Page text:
JUST before 7pm on Thursday, four NRL players stepped out of the headquarters of the NRL to state that they believed they had a deal. A salary cap of about $5.8million next year, changes to the marquee player allowance, improved insurance and a minimum wage of $80,000 are believed to be part of a new collective bargaining agreement, which now just needs the final tick-off from the players before it is struck.
The fact that those four players – Robbie Farah, Clint Newton Michael Crocker and Anthony Quinn – not to mention the chief executive of the Rugby League Players' Association, David Garnsey, have given it their preliminary approval means the new deal is likely to be signed within days.
The RLPA will contact delegates from each NRL club, and, assuming there is no dissension, the players will have a new agreement in place before Christmas, ending months of uncertainty.
"That's what we'll take back to them, and if we can tick off on it ... it's nice timing," Farah said. "I think it was in everybody's best interests to have something in place as quickly as possible, and now we're at a point where . . . we'll take something back to all the players, we'll give them our recommendations, and if we can agree on that, everyone can move forward; the clubs, the players and the NRL. We can all move forward with a bit of certainty."
The players made the minimum wage, retirement fund, and insurance – on top of the salary cap over the course of the five-year broadcast deal – their key issues through the CBA discussions and they believe they made some significant ground on each of the points.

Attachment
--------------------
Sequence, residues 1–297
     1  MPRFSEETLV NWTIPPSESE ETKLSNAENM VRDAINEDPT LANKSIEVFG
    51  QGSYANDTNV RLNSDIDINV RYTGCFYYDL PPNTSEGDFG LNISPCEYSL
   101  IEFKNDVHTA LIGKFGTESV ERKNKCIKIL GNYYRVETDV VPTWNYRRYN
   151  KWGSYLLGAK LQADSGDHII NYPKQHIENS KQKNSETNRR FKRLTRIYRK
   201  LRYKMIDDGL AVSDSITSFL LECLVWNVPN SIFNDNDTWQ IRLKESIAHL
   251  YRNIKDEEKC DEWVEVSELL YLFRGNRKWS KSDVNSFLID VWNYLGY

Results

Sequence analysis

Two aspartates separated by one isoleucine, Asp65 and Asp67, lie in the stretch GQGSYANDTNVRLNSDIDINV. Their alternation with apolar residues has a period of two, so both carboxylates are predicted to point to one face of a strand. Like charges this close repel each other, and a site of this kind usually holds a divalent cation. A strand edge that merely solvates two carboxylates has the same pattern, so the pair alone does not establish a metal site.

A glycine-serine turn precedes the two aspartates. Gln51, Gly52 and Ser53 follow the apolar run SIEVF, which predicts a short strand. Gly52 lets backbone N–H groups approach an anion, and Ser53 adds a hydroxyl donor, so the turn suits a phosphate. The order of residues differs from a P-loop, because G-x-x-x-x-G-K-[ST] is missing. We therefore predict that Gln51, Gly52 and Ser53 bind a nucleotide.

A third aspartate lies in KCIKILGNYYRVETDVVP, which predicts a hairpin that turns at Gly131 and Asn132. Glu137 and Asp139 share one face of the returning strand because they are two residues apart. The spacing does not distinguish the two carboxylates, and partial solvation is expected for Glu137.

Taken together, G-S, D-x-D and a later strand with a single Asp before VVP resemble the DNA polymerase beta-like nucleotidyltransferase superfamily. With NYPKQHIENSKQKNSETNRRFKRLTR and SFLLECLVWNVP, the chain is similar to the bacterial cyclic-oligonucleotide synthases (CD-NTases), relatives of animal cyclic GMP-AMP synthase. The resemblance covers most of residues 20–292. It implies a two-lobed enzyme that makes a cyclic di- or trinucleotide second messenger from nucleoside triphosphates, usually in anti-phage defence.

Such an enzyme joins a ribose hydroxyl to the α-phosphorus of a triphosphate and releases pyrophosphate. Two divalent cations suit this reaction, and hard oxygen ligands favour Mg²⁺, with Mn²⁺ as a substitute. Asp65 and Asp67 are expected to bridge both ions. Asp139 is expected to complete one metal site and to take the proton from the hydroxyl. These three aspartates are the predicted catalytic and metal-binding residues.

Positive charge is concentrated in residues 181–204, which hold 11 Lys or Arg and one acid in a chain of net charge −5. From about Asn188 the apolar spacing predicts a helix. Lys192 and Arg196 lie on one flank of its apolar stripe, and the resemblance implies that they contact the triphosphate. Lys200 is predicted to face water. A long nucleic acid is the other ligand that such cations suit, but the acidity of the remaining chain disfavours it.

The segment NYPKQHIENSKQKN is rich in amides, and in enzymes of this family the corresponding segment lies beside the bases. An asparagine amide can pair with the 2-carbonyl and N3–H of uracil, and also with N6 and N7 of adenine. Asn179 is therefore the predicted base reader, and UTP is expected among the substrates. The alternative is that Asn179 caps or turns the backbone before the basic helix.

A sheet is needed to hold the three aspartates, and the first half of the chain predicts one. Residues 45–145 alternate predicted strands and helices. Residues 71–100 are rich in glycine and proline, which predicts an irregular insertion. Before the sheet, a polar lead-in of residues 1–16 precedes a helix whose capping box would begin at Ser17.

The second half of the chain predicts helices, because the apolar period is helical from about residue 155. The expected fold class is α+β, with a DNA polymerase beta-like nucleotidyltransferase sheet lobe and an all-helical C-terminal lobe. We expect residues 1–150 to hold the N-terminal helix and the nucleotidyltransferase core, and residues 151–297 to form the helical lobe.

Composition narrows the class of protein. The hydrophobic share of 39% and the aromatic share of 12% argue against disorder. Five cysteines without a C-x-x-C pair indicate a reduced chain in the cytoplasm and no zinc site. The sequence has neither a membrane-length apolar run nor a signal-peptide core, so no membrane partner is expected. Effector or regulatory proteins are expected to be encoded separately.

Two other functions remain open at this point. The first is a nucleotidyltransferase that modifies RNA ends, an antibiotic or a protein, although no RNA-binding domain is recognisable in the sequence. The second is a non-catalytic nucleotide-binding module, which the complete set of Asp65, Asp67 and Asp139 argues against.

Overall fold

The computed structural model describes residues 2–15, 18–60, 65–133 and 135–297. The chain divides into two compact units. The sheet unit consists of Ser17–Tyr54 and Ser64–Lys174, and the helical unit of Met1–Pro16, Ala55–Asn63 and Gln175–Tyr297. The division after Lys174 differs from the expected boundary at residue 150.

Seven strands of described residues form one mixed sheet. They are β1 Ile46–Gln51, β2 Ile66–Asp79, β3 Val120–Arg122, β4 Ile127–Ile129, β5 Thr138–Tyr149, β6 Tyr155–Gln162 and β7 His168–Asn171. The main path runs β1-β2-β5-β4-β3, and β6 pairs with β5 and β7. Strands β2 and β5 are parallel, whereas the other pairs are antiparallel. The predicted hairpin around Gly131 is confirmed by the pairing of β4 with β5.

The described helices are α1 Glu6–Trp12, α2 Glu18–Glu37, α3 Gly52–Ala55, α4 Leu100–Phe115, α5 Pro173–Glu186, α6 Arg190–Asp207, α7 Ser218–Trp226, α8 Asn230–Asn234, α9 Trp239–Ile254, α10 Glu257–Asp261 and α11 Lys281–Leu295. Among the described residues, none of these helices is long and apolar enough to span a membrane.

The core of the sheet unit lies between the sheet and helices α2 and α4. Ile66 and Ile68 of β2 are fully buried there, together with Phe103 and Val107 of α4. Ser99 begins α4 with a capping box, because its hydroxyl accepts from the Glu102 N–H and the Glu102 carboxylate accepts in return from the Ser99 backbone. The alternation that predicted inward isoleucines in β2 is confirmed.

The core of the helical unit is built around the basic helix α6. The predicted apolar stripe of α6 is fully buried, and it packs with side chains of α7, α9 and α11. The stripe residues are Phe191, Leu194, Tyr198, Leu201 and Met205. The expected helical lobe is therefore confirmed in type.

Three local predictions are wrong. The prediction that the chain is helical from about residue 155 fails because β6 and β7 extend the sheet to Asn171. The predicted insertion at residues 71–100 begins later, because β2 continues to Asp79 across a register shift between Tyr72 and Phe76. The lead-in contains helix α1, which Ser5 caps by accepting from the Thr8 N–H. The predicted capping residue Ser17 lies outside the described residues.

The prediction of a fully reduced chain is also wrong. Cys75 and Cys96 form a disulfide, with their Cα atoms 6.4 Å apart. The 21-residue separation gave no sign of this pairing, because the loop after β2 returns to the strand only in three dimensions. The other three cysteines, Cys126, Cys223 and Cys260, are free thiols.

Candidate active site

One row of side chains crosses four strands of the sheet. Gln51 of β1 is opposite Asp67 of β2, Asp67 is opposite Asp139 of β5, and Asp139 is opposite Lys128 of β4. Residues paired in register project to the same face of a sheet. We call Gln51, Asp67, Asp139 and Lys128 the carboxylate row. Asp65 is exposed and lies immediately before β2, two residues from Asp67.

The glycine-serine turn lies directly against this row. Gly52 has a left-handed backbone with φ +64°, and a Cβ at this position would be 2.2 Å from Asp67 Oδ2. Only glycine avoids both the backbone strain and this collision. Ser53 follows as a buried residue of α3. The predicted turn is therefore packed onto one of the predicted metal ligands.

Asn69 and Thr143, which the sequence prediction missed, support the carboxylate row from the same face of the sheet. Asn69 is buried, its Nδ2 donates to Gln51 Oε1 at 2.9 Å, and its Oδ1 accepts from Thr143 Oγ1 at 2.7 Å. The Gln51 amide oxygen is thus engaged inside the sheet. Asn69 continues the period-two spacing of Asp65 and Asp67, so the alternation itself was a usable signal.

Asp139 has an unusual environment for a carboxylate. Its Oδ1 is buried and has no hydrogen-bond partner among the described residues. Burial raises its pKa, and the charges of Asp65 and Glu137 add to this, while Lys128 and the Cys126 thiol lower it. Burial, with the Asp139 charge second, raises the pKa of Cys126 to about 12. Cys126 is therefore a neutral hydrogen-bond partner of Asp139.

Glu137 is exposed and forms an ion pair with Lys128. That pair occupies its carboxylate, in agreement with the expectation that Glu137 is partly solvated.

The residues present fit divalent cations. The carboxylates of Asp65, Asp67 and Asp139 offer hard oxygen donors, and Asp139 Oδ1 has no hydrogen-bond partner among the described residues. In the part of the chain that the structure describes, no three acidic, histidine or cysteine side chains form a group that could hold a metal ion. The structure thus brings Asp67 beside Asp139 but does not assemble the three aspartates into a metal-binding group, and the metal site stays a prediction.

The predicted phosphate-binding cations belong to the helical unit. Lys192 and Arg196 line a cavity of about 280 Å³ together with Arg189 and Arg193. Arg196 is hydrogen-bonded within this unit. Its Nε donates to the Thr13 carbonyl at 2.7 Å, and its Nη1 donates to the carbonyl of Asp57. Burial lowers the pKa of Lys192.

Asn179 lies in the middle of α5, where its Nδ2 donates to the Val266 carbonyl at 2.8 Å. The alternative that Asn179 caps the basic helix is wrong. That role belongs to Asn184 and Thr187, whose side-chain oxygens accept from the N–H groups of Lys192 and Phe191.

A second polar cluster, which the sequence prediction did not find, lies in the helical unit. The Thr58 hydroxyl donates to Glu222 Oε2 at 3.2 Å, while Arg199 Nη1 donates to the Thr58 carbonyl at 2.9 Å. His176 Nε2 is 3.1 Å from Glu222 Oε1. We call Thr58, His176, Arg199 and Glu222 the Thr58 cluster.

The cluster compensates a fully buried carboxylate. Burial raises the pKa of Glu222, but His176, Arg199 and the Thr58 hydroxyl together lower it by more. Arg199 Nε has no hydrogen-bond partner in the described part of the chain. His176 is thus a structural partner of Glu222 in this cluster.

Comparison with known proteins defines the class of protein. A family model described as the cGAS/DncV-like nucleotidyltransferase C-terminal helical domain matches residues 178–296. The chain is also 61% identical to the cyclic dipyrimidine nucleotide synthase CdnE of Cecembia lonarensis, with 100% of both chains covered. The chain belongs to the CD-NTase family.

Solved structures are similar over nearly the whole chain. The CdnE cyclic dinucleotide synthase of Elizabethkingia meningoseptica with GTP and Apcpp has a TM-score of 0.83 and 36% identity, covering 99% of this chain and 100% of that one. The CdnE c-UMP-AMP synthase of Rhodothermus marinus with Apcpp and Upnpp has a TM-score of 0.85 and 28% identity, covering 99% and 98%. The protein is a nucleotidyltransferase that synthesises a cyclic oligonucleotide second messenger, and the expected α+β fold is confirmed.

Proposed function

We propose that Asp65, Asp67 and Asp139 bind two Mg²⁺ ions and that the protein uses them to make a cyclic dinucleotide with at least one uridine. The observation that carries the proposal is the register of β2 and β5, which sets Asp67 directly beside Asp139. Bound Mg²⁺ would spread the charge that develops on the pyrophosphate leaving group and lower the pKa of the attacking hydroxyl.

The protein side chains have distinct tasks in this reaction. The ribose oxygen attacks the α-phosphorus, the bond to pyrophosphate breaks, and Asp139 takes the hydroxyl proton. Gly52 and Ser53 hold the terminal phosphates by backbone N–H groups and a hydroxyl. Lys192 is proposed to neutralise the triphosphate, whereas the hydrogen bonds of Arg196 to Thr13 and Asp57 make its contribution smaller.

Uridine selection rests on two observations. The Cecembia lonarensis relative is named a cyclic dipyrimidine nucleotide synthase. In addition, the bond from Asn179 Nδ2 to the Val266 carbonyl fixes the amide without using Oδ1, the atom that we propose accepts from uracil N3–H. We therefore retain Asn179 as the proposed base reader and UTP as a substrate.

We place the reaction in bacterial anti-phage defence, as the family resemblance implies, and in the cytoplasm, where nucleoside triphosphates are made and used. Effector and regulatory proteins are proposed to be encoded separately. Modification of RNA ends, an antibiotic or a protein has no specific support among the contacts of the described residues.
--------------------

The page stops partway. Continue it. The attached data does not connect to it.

The players had refused to budge on their belief that an $80,000 minimum wage was fair, while their insurances have been beefed up, protecting players in the event of injuries.
It has been suggested that the salary cap for next year will be $5.8million, an increase of $800,000 on what the NRL had initially told clubs to plan for. But at least $400,000 of that cap will be used for marquee player allowances – although the players have been keen to ensure that every player in the 25-man squads would be entitled to those allowances. There will also be fresh entitlements for second-tier players.
Farah had been part of long meetings over the past two days that had accelerated the negotiations significantly. Following Wednesday's fruitful discussions, he returned alongside Newton, Crocker, Quinn as well as Manly captain Jason King, who was forced to leave the meeting early.
"We've tried to look after the players as a whole, right across the board," Newton said. "That's what we've been trying to deliver right through the negotiations.
"Hopefully, everyone across the board will be happy with the outcome ... we wanted our bottom-tier players, our minimum-wage players looked after appropriately. We've certainly come a long way."
Newton said he believed the fact that so many players – including the likes of Cameron Smith, Johnathan Thurston, Benji Marshall and Jarryd Hayne – had attended the negotiations in recent weeks made it clear to NRL officials "how serious we were with this negotiation".
Interim NRL boss Shane Mattiske added: "I've got to give them credit; the players that were here [on Thursday] and the players that have been involved in the whole process have acted professionally. We believe we've arrived at a fair outcome. There was certainly compromise across the board on both sides."
With Garnsey having commenced Thursday's talks with NRL officials in the morning, the players had arrived en masse early in the afternoon to add their clout. With the talks dragging on until after the front doors of Rugby League Central were locked by security, it became clear that significant progress had been made.
"If we can get approval from the members, effectively, it will take effect straightaway," Garnsey said.